The chances of my 20-year-old student son being at an Ariana Grande concert on a Monday night were, my head told me, zero. But as I watched ambulances converge on the arena, my maternal heart was in my mouth. Oliver had just been to the premier league darts at the venue (like me, there is no sport my son doesn’t enjoy watching). I called. No answer. I sent a text. ‘Don’t go near Manchester Arena — explosion.’ Then another one. ‘Let me know you’re OK.’ He was. But those teenagers, all those girls. Eight years old. The nation weeps for other people’s children.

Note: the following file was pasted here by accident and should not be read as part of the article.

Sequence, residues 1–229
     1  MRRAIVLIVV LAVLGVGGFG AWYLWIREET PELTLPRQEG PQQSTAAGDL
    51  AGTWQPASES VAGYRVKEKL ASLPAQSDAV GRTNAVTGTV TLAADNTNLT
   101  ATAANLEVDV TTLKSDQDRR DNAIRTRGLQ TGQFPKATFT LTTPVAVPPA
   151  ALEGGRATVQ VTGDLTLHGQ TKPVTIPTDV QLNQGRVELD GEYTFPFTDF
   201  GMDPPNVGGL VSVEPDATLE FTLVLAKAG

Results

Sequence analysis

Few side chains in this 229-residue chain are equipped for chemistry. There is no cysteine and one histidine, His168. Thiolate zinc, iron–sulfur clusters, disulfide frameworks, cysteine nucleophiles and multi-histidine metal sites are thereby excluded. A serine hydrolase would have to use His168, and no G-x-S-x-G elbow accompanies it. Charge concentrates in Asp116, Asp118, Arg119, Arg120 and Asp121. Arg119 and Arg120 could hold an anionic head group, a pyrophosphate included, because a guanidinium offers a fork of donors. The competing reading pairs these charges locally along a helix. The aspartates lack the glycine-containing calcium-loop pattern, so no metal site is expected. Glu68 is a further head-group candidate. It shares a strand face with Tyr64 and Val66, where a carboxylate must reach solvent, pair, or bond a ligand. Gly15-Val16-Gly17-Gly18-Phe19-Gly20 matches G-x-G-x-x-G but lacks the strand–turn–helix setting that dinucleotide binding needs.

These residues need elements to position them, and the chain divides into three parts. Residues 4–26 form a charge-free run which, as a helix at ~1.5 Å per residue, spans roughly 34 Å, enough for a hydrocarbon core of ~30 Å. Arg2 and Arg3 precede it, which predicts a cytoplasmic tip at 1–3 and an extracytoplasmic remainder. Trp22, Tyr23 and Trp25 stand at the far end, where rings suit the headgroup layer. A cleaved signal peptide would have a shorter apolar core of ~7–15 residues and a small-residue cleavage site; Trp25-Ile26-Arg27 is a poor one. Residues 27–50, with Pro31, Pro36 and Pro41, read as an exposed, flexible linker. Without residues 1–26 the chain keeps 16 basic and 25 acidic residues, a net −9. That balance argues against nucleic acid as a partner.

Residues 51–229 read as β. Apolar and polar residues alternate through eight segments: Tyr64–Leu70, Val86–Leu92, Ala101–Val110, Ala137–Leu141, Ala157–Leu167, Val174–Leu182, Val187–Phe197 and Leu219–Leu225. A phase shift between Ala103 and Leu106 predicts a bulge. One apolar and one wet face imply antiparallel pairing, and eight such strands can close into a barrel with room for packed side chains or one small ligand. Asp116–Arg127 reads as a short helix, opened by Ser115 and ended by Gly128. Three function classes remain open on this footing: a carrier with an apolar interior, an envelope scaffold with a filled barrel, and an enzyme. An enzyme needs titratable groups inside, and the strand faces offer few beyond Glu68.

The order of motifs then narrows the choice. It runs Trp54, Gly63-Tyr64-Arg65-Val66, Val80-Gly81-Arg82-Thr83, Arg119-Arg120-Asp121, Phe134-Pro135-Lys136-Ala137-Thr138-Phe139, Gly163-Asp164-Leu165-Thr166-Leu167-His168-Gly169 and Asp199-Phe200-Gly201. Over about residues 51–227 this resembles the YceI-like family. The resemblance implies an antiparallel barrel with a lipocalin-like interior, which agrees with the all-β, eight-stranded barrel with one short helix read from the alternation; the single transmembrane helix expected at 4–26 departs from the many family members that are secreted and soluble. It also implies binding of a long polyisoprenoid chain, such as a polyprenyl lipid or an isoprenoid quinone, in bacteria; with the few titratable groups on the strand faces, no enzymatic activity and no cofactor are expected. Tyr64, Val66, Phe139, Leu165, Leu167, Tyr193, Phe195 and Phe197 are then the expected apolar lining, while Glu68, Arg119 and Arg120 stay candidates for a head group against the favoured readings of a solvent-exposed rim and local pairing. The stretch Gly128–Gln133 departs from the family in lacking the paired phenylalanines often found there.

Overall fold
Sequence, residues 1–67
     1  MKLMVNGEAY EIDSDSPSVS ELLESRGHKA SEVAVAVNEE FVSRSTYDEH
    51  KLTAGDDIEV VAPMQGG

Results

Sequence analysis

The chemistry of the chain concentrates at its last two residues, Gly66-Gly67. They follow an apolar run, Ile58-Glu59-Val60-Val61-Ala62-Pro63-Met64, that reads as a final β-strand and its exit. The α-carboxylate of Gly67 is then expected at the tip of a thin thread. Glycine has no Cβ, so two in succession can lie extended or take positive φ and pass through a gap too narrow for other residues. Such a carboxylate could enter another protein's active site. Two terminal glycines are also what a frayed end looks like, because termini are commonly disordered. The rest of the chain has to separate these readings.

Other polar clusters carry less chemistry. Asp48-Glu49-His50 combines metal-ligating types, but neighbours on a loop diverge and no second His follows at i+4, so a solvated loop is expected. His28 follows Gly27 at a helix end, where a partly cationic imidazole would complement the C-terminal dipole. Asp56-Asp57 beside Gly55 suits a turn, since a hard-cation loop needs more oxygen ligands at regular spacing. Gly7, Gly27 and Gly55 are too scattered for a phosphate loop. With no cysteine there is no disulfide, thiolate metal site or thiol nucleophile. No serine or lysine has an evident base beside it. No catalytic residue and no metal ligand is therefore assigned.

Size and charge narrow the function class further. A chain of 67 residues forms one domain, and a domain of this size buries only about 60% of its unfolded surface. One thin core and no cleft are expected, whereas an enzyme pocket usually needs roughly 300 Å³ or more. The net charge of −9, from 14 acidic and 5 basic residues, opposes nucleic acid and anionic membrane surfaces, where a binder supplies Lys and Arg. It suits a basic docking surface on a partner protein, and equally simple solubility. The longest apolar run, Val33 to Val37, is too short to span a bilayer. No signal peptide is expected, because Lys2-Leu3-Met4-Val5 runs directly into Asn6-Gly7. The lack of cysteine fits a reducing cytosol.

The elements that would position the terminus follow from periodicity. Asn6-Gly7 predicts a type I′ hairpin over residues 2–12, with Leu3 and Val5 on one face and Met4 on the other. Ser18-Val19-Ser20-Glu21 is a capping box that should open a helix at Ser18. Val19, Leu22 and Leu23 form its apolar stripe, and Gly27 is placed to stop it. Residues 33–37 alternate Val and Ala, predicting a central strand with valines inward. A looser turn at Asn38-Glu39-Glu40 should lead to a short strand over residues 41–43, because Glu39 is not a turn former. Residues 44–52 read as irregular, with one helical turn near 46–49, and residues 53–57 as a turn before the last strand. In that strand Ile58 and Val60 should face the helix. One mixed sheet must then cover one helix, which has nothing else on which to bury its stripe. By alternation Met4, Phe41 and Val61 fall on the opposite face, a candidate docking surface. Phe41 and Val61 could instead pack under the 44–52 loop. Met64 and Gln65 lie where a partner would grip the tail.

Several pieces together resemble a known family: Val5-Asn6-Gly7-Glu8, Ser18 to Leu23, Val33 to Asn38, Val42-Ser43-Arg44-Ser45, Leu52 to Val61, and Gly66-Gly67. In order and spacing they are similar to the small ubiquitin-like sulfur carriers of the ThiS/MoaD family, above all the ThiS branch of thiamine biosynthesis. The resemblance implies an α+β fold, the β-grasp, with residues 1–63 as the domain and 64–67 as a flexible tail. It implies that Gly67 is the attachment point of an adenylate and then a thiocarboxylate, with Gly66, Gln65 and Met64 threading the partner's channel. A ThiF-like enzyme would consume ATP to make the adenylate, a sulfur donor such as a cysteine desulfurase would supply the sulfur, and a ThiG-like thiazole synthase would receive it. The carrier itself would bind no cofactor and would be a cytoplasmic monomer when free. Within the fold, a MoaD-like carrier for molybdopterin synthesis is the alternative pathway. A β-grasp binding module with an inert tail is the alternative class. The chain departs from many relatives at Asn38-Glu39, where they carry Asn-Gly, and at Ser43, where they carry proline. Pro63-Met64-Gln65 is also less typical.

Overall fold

The day I went Yellow Tory and joined the Lib Dems, I got a two-word text from David Davis, the Brexit secretary. ‘Lib Dem?’ My two-word text back: ‘For now.’ That evening, I was on the stage of the home of the English Folk Dance and Song Society, Cecil Sharp House, in Primrose Hill. Alongside me was the people’s snowflake, Gary Lineker, one of the few public influentials who shares my EU-philia and my view that the PM’s refusal to allow both MPs and the public any buyers’ remorse in the shape of a meaningful vote on the deal is the opposite of democracy and good government. ‘You’re the only proper opposition now!’ I said to him. ‘I think you should be in politics.’ Even the Corbynistas in the auditorium rustled their plastic bags with approval. At the drunken dinner afterwards, the next step was clear. Gary (six million Twitter followers to Corbyn’s less than a million and the Lib Dems’ scant 184,000) should be the new Macron of the middle ground. But what to call our new party? In the back room of Odette’s restaurant, some of Remain’s best brains — among them Jemima Khan, Piers Morgan, Emma Tucker and host Alain de Botton — stopped their jabber for a second.